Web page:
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Farrier Doug McCrindle of Ballston Lake, N.Y., doesn’t believe in reminding clients about their next hoof-care appointments. “I live by my appointment book, why can’t the client?”
For 34 years, McCrindle has scheduled the next appointment before he leaves the barn. If a client doesn’t show up for an appointment, he bills the client a no-show fee. Now semi-retired from shoeing, McCrindle has only used this penalty a handful of times throughout his career, and it never resulted in a firing. He equates his policy to that of many doctor practices and believes it aids in shaping client perception of farriers as professionals.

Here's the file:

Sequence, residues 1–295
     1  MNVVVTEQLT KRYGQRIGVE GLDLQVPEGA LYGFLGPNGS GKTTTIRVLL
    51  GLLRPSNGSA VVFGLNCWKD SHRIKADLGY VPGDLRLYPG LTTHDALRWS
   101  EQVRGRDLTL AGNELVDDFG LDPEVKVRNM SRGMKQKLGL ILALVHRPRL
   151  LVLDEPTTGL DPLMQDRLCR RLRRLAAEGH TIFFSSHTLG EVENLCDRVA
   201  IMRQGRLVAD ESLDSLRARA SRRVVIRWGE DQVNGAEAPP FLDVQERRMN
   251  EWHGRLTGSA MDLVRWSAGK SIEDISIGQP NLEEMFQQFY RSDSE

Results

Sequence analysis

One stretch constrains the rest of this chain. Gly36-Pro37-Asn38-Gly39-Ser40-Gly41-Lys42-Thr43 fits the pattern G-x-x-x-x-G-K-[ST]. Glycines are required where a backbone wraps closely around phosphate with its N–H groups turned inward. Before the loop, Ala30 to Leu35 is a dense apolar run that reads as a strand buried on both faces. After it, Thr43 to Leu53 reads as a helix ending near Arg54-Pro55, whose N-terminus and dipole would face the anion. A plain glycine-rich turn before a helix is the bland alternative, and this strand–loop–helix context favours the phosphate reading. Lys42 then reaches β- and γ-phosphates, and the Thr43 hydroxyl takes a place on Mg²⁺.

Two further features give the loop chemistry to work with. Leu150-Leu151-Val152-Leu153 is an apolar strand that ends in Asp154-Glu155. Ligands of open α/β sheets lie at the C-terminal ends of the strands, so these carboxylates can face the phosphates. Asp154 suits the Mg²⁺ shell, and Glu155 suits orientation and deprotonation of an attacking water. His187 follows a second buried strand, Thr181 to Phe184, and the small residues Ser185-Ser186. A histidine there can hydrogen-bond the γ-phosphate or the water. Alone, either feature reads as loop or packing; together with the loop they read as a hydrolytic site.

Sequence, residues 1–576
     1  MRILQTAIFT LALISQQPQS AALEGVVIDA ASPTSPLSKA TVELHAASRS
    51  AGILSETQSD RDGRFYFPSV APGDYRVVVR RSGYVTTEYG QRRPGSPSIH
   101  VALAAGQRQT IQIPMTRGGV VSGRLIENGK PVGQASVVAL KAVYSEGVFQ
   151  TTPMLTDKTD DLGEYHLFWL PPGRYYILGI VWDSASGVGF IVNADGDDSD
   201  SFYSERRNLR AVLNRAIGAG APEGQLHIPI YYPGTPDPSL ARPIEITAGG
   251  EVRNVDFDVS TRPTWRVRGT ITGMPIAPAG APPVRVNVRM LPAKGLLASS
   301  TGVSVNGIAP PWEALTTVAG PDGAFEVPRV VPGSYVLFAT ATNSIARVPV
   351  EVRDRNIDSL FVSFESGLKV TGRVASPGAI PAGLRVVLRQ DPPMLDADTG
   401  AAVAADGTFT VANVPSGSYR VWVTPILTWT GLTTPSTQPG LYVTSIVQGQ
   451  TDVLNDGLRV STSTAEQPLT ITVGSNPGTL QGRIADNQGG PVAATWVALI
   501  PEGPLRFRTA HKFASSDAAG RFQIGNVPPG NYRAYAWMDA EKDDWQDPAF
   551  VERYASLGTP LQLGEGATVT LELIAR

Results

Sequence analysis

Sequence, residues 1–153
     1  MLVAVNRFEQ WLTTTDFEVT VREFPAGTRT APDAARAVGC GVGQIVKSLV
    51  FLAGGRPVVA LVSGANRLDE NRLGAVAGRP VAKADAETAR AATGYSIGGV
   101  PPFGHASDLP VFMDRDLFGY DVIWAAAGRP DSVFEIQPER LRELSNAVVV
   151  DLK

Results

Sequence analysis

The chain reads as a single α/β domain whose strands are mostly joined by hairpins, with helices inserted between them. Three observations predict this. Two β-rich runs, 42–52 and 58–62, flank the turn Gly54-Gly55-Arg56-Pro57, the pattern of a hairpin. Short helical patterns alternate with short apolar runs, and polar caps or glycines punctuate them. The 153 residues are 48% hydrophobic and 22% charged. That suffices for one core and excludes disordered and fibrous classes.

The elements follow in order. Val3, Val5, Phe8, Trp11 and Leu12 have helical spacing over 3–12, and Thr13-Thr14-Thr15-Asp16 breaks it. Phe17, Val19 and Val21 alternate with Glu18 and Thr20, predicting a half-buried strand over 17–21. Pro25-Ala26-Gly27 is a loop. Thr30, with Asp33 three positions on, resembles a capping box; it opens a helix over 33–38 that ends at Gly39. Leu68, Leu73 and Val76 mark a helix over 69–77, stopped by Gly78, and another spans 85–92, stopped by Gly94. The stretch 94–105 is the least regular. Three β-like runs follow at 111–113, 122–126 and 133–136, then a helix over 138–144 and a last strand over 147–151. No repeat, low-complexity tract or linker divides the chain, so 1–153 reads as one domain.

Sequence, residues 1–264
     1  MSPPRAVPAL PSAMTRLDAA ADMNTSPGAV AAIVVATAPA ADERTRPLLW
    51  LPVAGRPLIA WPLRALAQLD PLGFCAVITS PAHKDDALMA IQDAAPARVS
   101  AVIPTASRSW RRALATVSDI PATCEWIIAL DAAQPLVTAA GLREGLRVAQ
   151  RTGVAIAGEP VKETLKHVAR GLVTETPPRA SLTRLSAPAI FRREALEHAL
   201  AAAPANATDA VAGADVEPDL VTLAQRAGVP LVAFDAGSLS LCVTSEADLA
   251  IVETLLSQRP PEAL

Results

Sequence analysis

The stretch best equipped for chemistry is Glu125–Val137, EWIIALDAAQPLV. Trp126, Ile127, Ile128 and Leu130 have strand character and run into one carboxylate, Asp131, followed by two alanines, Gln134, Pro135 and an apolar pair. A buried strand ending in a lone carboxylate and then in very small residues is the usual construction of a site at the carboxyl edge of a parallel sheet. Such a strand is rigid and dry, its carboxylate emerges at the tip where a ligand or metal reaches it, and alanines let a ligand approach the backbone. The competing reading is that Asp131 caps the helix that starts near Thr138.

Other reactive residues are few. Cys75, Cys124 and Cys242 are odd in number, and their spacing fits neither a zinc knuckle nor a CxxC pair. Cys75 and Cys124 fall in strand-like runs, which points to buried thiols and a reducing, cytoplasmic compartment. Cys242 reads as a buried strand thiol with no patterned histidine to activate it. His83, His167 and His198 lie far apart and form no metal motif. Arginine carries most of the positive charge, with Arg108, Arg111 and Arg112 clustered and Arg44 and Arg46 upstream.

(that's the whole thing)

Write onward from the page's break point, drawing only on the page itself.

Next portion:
Roy Bloom of Bloom Forge says lead can be a great teaching tool at the anvil. The malleable nature of lead means you can easily cold shape it. The Drummond, Wis., farrier and expert toolmaker adds that it also allows him to check the precision of a tool. Bloom says to check with a plumbing shop or large fishing supply company to find a supply of lead you can work with.
In early October 2014, equine veterinarian James Belknap of The Ohio State University presented results from an online survey. The survey asked farriers in the United States and the United Kingdom about vet-farrier
relations and working with vets on laminitis cases. Slightly more than 800 farriers took part in the survey and nearly 60% of…